WWE

Making sense of WWE’s Hell in a Cell 2020

WWE’s Hell in a Cell 2020 was like a midseason episode of a show that contained elements that could have been saved for the season finale. While the moments deserve praise in a vacuum, they created a frustrating experience when placed against the backdrop of storytelling.

The biggest case of that Sunday night was the phenomenal Hell in a Cell match between Bayley and Sasha Banks that resulted in Banks prying the “SmackDown” women’s title from the kung-fu grip of her former best friend in an excellent tug-of-war between two of the best in the women’s division. 

While the match was great, one has to wonder why WWE didn’t close the show with it. And why do this now when the feud clearly could have carried WWE through WrestleMania season?

The Bayley-Sasha feud has been festering over the past couple of years. The duo spent time as best friends but had been working toward a split that would culminate in a heated feud. When Bayley turned on Banks in September with a brutal attack, it was expected that Banks would be on the shelf for several months and return just in time to help carry one of the best feuds into WWE’s massive annual show.

Nope.

Instead, Banks made her return in just a few weeks and the two squared off in a Hell in a Cell match for the network special of the same name while the rival was still undercooked.

WWE has a nasty habit of shoehorning a feud into a stipulated match during one of its themed network specials. The feud should always dictate the type of match, not the other way around, but that’s not what happened here.

Regardless, Banks and Bayley once again showcased their phenomenal chemistry and delivered a breathtaking match that saw Banks defeat her former best friend and end her 380-day reign as champion. 

As great as this match was, one has to wonder whether it would have been better served being held at a more meaningful event such as WrestleMania or Royal Rumble. It felt as if WWE spent so much time building to this moment only to rush it through to the finish. Who knows where either of these rivals will go, considering that the options for intriguing opponents on “SmackDown” are quite limited. 

One thing WWE has consistently nailed is the feud between Roman Reigns and his real-life cousin Jey Uso. The two continued their story with an “I Quit” match inside a Hell in a Cell. The only real problem here, outside of this match starting the show instead of ending it, is that the match never needed to be inside a cell. It was another instance of WWE forcing a feud into an unnecessary stipulation match. 

Nevertheless, the emotional storytelling that Reigns and Uso brought to this match was astounding and has further cemented Reigns’ status as one of the top acts in all of professional wrestling. Without being hindered by his previous babyface persona, Reigns has had a real opportunity to sink his teeth into character development; he was forced to relentlessly pummel his cousin to prove he’s at the top of the food chain in the Samoan family.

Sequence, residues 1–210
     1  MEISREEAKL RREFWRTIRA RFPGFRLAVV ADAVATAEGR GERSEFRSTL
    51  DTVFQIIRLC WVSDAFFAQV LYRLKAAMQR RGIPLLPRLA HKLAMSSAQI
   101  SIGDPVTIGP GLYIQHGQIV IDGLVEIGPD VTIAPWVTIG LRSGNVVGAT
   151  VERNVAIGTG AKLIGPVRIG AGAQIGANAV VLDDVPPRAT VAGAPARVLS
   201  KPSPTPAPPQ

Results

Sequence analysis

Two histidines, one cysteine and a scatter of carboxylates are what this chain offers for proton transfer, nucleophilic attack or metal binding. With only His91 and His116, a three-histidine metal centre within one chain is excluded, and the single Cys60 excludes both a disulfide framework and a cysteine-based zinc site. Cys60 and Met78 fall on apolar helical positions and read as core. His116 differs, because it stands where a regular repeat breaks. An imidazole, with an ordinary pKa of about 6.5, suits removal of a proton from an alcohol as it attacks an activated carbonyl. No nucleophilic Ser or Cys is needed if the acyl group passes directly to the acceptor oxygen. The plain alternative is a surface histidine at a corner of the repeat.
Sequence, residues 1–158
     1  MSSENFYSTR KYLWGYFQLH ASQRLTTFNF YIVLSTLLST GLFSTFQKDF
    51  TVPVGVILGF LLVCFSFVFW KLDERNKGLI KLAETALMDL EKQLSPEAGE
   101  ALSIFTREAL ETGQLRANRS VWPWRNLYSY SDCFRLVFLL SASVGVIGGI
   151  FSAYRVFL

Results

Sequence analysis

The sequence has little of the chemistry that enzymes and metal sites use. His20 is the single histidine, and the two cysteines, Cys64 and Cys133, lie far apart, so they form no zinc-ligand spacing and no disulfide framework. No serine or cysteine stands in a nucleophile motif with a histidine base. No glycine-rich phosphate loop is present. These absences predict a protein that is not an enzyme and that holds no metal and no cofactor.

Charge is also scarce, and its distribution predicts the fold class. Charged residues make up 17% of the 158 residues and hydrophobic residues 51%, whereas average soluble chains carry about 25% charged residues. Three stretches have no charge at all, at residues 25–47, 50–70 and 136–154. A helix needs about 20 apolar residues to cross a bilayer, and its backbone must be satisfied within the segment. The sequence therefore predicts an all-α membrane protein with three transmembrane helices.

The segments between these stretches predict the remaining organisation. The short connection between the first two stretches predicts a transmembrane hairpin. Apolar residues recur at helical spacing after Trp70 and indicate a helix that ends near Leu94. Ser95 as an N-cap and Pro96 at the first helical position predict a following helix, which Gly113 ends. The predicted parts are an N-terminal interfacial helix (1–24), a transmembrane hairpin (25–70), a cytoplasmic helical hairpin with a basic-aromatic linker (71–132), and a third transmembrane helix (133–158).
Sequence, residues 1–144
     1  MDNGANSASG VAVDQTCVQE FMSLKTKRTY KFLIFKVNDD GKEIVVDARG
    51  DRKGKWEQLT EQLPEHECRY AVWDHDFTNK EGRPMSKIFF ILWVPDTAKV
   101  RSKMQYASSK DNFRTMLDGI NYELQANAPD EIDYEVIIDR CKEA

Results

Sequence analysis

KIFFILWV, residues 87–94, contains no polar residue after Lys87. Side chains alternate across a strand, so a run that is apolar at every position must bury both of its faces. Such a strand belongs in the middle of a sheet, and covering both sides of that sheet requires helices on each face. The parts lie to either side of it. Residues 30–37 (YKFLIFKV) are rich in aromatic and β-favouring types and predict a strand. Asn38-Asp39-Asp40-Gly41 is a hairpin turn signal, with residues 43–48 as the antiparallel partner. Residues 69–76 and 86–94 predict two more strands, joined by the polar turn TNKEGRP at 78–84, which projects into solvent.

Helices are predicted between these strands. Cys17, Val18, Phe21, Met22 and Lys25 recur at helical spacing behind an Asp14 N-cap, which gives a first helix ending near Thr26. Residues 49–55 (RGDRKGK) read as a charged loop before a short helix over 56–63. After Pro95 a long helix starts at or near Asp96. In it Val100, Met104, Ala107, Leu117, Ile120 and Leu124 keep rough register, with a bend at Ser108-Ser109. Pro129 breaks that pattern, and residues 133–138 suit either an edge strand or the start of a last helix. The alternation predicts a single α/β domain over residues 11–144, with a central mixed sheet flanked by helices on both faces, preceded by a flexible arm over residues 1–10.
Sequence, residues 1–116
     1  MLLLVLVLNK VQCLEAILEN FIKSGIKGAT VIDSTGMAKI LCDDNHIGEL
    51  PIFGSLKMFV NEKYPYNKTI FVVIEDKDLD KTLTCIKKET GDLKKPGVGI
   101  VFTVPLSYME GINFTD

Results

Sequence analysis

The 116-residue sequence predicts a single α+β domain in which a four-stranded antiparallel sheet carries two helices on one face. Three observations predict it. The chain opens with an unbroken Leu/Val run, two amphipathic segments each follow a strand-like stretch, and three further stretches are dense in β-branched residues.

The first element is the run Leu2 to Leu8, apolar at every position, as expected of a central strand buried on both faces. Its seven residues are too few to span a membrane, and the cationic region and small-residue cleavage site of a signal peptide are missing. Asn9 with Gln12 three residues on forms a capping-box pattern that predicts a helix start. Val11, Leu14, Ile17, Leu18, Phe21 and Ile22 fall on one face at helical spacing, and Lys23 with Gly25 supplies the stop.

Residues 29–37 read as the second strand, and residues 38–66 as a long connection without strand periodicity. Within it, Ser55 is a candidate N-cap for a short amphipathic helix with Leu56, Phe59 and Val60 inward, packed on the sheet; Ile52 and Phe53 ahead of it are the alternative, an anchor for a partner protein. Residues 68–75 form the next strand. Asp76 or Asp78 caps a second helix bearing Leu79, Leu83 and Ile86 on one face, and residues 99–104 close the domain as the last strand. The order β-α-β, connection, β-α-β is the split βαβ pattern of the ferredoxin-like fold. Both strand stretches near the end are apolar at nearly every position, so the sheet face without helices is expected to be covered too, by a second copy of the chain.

The build to this match was excellent and the match itself delivered on all accounts as Reigns and Uso beat the hell out of each other for more than 40 minutes. This was also an instance when not having a crowd helped. The words exchanged and the facial expressions told a wonderful story that may not have hit the same with fans in attendance. The match benefited from a creative ending in which neither wrestler would verbally submit. When Reigns’ cousin Jimmy entered the cage to protect his brother Jey, Reigns seemed to be overwrought with emotion until he decided to choke Jimmy out, which caused Jey to say, “I quit” to protect his brother from further damage.

It was a beautiful touch, but the match felt out of place as the opening to the show considering the gravity of it. 

Then there was The Miz beating Otis for the Money in the Bank briefcase after Tucker turned on his longtime friend and nailed Otis with a briefcase. It was just as nonsensical as it sounds. But WWE had to figure out how to get the briefcase off Otis considering that he has become nothing more than a comedy act that nobody could take seriously as a true championship contender. 

Hell in a Cell closed with the third match of the night inside the red cage as Randy Orton defeated Drew McIntyre to become the new WWE champion. The match wasn’t all that great and it ended a feud that had lived on well past its expiration date. This is no fault of McIntyre or Orton because they’ve worked with what they’ve been given. But it’s extremely unfortunate for McIntyre because he never truly had an opportunity to carry the WWE championship in front of fans.

The match itself fell flat as it hit the usual notes of an HIAC match (climb the cell, fall through a table, etc.) but paled in comparison to Reigns-Uso and Bayley-Sasha. And although Orton has had some great moments this year, it felt really early to pull the cord on McIntyre’s title run after the Scottish wrestler had already beaten Orton twice before. 

This wasn’t a terrible event by any means, but in the grand scheme of storytelling, it was a jumbled mess that was paced awkwardly and produced questionable results. While we will certainly be tuned in for the future of Reigns and Uso, the futures of Banks, Bayley, McIntyre, Orton, Otis and Miz are a bit more muddled. 

This show was filled with exceptional performances but came at a time when nobody was really paying attention. WWE is troubled with some very fixable storytelling issues, but the work between the ropes Sunday was, for the most part, great. 

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